Note From Keri Lyn ~ I just wanted to mention how thrilled I am to have Eileen guest posting this series on the blog! Eileen has been a dear friend for several years. She is an amazing mom and honestly THE very funnest person to visit Disneyland with. I love her passion for protecting our kids and families in social media and I am SO thrilled to have her sharing her expertise here weekly with all of us! Some of these topics are not the easiest, but they are definitely very timely and often eye-opening. I hope you will enjoy this series as much as I do!
This post is the seventh post in this series. Make sure to read Eileen’s other posts: How to Talk to Your Kids About Social Media, Questions to Help Start Social Media Conversations with Your Kids and Eileen’s other Smart Parenting articles here.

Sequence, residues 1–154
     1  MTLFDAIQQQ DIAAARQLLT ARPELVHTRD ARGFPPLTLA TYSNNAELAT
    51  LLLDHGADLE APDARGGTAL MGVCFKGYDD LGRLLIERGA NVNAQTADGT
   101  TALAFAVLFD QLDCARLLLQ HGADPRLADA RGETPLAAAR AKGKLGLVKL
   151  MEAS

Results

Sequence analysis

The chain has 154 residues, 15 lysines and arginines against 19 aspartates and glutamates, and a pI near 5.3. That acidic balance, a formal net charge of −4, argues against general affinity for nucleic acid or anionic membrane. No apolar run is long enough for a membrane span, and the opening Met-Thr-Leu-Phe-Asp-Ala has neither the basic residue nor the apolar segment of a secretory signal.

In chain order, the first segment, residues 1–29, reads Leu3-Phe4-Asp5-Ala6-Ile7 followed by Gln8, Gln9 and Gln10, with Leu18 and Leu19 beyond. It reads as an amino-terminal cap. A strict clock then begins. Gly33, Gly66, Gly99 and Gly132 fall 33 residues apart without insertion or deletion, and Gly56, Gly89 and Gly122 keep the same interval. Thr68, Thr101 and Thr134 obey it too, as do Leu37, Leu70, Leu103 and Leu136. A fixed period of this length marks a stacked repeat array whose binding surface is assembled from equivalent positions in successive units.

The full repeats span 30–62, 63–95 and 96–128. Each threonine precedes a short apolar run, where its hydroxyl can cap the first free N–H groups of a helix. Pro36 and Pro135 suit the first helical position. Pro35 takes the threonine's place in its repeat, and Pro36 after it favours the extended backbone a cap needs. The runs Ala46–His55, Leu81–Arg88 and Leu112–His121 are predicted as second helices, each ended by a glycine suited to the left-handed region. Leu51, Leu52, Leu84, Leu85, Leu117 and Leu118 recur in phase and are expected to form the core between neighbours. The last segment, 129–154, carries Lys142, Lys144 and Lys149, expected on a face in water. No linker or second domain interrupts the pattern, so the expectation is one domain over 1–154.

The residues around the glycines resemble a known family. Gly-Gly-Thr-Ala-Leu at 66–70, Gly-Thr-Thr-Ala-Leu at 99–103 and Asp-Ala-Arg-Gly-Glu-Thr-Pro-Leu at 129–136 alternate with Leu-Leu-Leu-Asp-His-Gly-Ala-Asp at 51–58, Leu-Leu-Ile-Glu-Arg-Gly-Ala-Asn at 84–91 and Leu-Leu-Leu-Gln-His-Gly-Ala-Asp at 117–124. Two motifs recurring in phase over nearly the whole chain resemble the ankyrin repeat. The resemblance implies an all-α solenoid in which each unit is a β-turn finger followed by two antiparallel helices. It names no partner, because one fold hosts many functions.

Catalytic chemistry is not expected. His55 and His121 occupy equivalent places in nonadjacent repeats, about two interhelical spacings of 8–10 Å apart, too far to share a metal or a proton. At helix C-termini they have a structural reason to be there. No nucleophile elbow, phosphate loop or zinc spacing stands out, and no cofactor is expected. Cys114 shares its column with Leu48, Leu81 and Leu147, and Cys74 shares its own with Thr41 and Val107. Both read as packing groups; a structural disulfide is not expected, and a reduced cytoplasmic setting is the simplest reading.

Here’s a bonus to teaching classes about parenting kids on social media: I’ve probably learned even more than I’ve taught about this subject! Am I holding back information from the parents I teach? NO WAY! I just mean I’m blessed to learn a tremendous amount from interacting with thousands of parents and students.
Lucky me and lucky for my three sons! I get to raise them with background knowledge about online behavior. BUT -does knowing about this mean my boys won’t have or create trouble online? Absolutely NOT. This just means I may have an idea of how to clean up the mess after it happens!
I also may be able to predict what mess my children may create or face based on who I know my children to be already. I talk about this in my classes and I’ll attempt to share it here with you.
Our kids give us clues about how they might behave on social media before they ever create an online profile.
What do I mean by this? Read on and let’s do a little experiment, shall we?